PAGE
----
If Verizon’s 2014 Data Breach Investigations Report is any indication of where our Information Systems (IS) are most vulnerable, the answer is virtually everywhere. Here’s a direct quote:
“We have more incidents, more sources, and more variation than ever before—and trying to approach tens of thousands of incidents using the same techniques simply won’t cut it.”
The report concluded that 92% of all the confirmed data breaches in 2013 resulted from one of nine attack patterns. Some of the supporting stats as reported by InfoWorld are astounding:
- Cyber criminals cruising for money make up 60% of hacker attacks
- Online intellectual property hacks are up to 25%, a sharp increase over previous years
- Internal threats are responsible for just 10% of cyber attacks, of those responsible, cashiers and end-users make up the bulk of abusers
- Stolen credit cards lead the hackers list of easiest to attack
As a consumer, this information is frightening, but for a company whose responsibility it is to protect their customers’ identities and personal identifying information (PII) this information should be ringing all sorts of alarm bells.
If you haven’t already conducted a security audit this year, now is the time to do it. The clock is winding down on 2014 but hackers will certainly have more surprises in store for 2015. The best defense is a good offense, so here’s three tried and true tips for conducting a best-in-class security audit.
1.) Know how to manage a successful audit. Believe it or not, but your company’s first line of defense begins with whoever is in charge of reviewing, hiring and overseeing the security audit. It’s crucial that this person understands the auditing process and knows how to select the best auditing firm for your company’s needs. It almost goes without saying that not all auditing firms are created equal. TechTarget offers these suggestions for managing an audit:
- Establish a security baseline through annual audits.
- Spell out your objectives.
- Choose auditors with “real” security experience.
- Involve business unit managers early.
- Make sure auditors rely on experience, not just checklists.
- Insist that the auditor’s report reflects your organization’s risks.
2.) Choose the right auditor for your needs. You need to have a baseline understanding of what you’re goal or expectation is through running your security audit. Is it to discover gaps or inefficiencies? Is it to pinpoint some illegal activity? Is it to determine how much it will cost to make improvements? Whatever your endgame is, you need to find the right player.
Taking the first big brand name that pops up on your initial search, isn’t always the right answer. In the same fashion that you screen your job candidates, you need to screen your auditor. Ask to see their work. Do you understand their reports? Were they delivered in a timely fashion? Is confidential information included in the report (if so, take a pass!)? Take stock of their communication skills. You will be spending a lot of time together, and, therefore, develop a close relationship by default. Is this someone you feel comfortable sharing information with? Do they show discretion in handling sensitive information? Do they get back to you when they say they will? Audits take long enough, you don’t need your time wasted by an auditor with disregard for your deadlines. Experience and certifications can’t be stressed enough. An auditor’s technical resume should be lights out, but, of course, you’ll want to do your own investigation that everything on their resume checks out (we are a background screening agency, after all!).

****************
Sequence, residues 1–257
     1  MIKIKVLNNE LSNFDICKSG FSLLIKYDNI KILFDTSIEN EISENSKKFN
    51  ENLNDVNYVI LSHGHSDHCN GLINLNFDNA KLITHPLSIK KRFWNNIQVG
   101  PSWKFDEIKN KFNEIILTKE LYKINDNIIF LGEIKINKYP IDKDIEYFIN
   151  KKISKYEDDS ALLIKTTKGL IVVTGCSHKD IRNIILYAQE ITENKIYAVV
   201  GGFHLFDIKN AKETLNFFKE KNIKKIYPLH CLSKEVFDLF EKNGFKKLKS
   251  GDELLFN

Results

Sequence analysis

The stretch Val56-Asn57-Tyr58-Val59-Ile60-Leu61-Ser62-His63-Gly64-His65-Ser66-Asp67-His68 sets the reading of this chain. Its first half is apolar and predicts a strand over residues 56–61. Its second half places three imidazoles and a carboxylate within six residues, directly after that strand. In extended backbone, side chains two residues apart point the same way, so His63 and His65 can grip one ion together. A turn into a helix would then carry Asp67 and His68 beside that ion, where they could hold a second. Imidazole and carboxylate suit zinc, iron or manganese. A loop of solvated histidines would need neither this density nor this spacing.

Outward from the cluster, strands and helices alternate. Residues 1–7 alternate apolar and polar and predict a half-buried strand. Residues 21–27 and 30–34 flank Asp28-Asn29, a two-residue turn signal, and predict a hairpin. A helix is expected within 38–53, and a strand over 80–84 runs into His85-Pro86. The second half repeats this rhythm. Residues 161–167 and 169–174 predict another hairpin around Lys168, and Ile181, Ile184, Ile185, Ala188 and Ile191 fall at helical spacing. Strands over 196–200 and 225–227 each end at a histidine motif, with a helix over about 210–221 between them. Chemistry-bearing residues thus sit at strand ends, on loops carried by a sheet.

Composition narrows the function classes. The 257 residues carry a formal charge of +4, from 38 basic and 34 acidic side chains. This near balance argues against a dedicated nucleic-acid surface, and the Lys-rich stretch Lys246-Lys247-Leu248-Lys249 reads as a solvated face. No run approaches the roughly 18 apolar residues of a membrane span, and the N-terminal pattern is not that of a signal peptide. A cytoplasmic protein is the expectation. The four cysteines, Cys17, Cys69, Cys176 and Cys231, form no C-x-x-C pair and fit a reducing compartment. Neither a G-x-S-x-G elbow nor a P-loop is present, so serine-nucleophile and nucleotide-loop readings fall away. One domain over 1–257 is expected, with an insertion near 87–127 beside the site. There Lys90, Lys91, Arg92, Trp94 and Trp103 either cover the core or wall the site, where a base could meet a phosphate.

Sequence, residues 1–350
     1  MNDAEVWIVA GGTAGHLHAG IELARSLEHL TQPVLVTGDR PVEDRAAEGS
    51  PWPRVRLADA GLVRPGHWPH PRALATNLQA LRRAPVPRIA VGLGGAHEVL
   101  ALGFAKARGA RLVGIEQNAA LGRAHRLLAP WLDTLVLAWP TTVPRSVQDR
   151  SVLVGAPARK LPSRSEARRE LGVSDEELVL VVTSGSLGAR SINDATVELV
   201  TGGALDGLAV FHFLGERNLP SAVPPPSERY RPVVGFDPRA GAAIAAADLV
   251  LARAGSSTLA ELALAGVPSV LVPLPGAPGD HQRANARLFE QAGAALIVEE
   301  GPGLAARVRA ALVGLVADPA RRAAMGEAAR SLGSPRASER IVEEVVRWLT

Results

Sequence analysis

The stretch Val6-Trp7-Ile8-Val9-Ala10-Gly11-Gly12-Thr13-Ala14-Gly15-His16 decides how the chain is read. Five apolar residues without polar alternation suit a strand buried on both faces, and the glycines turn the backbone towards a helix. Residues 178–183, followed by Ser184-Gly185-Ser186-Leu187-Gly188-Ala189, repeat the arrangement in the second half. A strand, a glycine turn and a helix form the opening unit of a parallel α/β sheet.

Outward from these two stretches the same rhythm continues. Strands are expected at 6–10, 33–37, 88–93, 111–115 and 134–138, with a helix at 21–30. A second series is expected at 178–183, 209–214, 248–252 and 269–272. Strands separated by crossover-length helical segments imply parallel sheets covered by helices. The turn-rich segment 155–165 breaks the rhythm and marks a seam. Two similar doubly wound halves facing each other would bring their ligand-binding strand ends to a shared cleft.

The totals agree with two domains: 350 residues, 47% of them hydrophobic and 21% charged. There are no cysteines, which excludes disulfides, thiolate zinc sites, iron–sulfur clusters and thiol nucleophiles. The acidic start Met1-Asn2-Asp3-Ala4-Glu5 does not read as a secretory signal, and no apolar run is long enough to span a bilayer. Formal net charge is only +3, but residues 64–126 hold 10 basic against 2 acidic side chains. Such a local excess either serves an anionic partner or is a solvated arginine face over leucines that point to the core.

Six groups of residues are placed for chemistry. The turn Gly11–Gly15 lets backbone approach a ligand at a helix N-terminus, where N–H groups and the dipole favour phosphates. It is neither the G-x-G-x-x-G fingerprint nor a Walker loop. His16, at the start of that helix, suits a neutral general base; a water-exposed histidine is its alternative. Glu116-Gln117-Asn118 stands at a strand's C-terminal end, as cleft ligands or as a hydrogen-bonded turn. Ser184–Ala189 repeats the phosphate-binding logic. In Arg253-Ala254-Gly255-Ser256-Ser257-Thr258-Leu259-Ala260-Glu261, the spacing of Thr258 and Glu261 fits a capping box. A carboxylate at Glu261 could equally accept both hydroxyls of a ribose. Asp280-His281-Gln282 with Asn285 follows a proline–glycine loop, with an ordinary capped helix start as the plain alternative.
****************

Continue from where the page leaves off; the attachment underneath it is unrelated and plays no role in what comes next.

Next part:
3.) Give your auditor access. The biggest waste of time for Information Technology and/or IS professionals who just want to get on with their duties, is the back and forth with auditors. This endless time suck of trading data turns into an aggravation for both parties and reinforces the negative stereotypes often associated with audits. This paragraph from a real life IT professional explains why he finally gave his auditor an ALL ACCESS pass:
“Back in those days it was extremely difficult to perform such a feat (not that it is easy today, but it’s definitely easier). I did what I could with the technology that was available (SIEM, log repositories, etc.), and I filled in what was left. He loved the access, and I got to keep working while he dug through the data. And that is why I started testing the process of reporting and granting access to the reports in security tools before I purchased them. And I always requested sample reports from contractors before I bought their services so that I could see how organized they were. Both of these were (and still are) very important factors in giving the auditor wheat he needed so I could keep working.”
Audits are a necessary beast, but there is a way to make them more palatable for everyone involved (and keep you from becoming a statistic on the 2015 Verizon report). With that said, we’d love to hear from you! Are you an auditor who can share insights from your perspective? Or an IS guru who has a real world example of a successful auditing relationship? Or, do you work for a firm who has some IS concerns that you feel an audit could help you ameliorate? We’d love to be your sounding board and share your stories. Email us here!